Why Chocolate is very Important as Gift of Valentine Day? 2020 - MyFestivalShops

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Wednesday, 12 February 2020

Why Chocolate is very Important as Gift of Valentine Day? 2020

Why Chocolate is very Important as Gift of Valentine Day?

Valentine Day has many rumored beginnings with one of the most romantic (and believable) being that the  holiday is named after Saint Valentine, priest Who lived in 3rd Century Rome.

Valentine Day Chocolate
Valentine Day Chocolate
 

When Emperor Claudius II decreed that marriage was outlawed because single men made better soldiers than those with wives and families, Valentine defied the law and married young lovers in secret, until the day he was discovered, sentenced to death, and thrown into prison. There he met and fell in love with the jailer'S blind daughter and because Of their love her Vision Was restored.

 Then, as a final act Of love before he was sent to his death Valentine wrote her a love note and signed it "From your Valentine." A phrase that still stands today as an endearment of love. That the legend of how Valentine became a Saint, as for how the holiday got h name legend says it Started When the Church sought to the pagan Lupercalia Festival the Romans performed every year in the middle Of February.

 It was a celebration of spring time and fertility (among other things) and as part of it young men would randomly draw women’s names from an urn in order to be matched with them for the following year. The Church Changed the rituals to eliminate the random sexual and Chose a new religious symbol to be honored. St Valentine, to replace the pagan gods and animal sacrifices, The of romance and love remained, hewer, and many young men would use the time to seek out and attempt to woo their sweethearts.

Why Chocolate is so Important ?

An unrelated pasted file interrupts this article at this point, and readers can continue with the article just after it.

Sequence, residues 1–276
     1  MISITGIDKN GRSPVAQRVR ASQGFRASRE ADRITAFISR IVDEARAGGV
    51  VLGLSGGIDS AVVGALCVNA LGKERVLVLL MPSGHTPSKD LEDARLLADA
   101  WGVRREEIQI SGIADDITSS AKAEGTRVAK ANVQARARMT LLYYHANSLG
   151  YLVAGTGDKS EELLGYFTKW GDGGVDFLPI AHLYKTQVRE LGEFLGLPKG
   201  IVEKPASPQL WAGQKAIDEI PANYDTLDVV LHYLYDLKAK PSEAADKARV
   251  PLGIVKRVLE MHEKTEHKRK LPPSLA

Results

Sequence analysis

Every February 14th lows truck men and women spend more than I billion dollars on Chocolate products. Blame Cupid for the love-struck part, but Why Chocolate? What Chocolate really has to do With the most romantic day of the year? Herds a brief history of chocolate and Valentine  Day.

Our infatuation with chocolate first began 2,000 years ago when it was discovered in Latin America.
Maya and Aztec elites infused Cocoa beans With Water to form frothy drinks — the first frappuccinos, if you Will — for special occasions and as sacrifices to the gods.
The Aztec ruler Montezuma believed that chocolate was an aphrodisiac and routinely drank it before entering his harem, thus increasing chocolate& popularity and its association with love and romance. AS it turns out, he Was ahead Of his time. Modern-day scientists have linked the phenylethylamine in Chocolate to feelings Of excitement, attraction and even pleasure.

The rest Of Aztec society used cocoa beans as money and were unable to afford to drink it. Thus "gifting" chocolate for consumption was the Aztec version of John Cusak standing outside of your window with a boom-box. Christopher Columbus Saw how the Aztecs revered Cocoa When he entered picture in the sixteenth century and immediately took the luxury product back to Queen Isabella of Spain. Chocoholics sprouted up all over Europe, sharing the legend of their new obsession's alleged mythical powers.

At one point in time, chocolate believed to be so potent that nuns were forbidden from eating it and French doctors it to treat "broken hearts." By the  Cadbury Brothers set up shop in England and began
packaging candies to sell to a mainstream audience. In 1861, in a genius marketing move. Richard
Cadbury created the first ever heart- shaped box for Valentine's Day, spurring the commercialization ofthe holiday. To this day, every February 14th We all Still have a Sweet Spot for the Sweet Stuff.

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